Diodati leads push for dynamic parking pricing

At Diodati’s behest, Niagara Falls City Council will discuss the idea of dynamic parking pricing at its May 28 meeting. Photo Credit: iStock. 

Niagara Falls Mayor Jim Diodati is leading a new push to implement dynamic pricing in public parking areas.

Diodati says that after hundreds of thousands flocked to Niagara Falls to watch and celebrate the eclipse, it’s clear that the city has a parking space issue.

Diodati is promoting the idea of dynamic pricing, which would see the cost to park in a public parking space vary based on the time of day or day of the week. That way, prices could increase at busy times and in advance of big-ticket events.

The idea is to have city parking move with the supply and demand of the market place. 

“If you go to a Super Bowl game or to the Rogers Centre during a big game or spring break for Disney, you’re going to pay more for everything,” said Diodati. “It’s just kind of how it works.”

Diodati only plans to move forward with his proposal should it win favour with local stakeholders and residents. He feels that a lot of money is being left on the table that could be used to pad the city’s budget.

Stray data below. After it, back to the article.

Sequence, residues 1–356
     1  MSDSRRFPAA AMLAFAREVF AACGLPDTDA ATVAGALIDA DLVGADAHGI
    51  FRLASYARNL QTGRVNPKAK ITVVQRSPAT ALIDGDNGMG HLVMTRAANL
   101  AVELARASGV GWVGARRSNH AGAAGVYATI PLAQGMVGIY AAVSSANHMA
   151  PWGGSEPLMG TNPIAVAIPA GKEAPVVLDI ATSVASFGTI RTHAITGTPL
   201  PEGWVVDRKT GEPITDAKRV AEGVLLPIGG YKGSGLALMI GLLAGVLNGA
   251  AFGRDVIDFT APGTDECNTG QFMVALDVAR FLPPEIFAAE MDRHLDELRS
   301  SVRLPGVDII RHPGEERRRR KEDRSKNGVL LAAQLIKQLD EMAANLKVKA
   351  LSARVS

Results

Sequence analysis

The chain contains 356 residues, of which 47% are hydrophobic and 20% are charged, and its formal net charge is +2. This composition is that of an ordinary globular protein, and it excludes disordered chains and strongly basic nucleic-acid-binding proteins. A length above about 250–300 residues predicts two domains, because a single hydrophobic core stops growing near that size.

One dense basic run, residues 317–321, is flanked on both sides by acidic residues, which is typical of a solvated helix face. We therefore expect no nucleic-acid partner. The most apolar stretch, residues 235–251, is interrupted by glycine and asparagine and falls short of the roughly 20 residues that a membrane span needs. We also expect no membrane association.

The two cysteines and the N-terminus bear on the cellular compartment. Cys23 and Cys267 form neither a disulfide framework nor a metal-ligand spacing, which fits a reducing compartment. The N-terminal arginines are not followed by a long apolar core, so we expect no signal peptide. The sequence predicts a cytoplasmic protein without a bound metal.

The city is presently facing a shortage on parking. The idea would be to increase prices at peak demand times in order to decrease demand and bring it in line with supply. 

Doing so would require a great deal of investment in new technology and likely would mean hiring more boots on the ground. 

Niagara Falls’ public parking system is fully automated, so at the present time implementing dynamic parking pricing wouldn’t be possible. 

Diodati is hoping that residents will buy into the idea, particularly because more revenue from parking could mean lower property tax increases going forward.

It’s also an idea he thinks could receive support from local taxpayers because much of the dynamic pricing would make it more expensive (and profitable) for tourists to park in Niagara Falls. 

Dynamic parking pricing has already been introduced in cities like Albany and Aspen in the United States, according to the Pembina Institute.

A Pembina Institute report published in 2021 suggests that dynamic pricing could keep curbside parking occupancies lower, reduce wasted time drivers spend searching for parking, lower travel time and increase collected parking revenue. 

That same report suggests that cities could more than double parking revenue should they pursue a dynamic pricing policy. 

At Diodati’s behest, Niagara Falls City Council will discuss the idea of dynamic parking pricing at its May 28 meeting.

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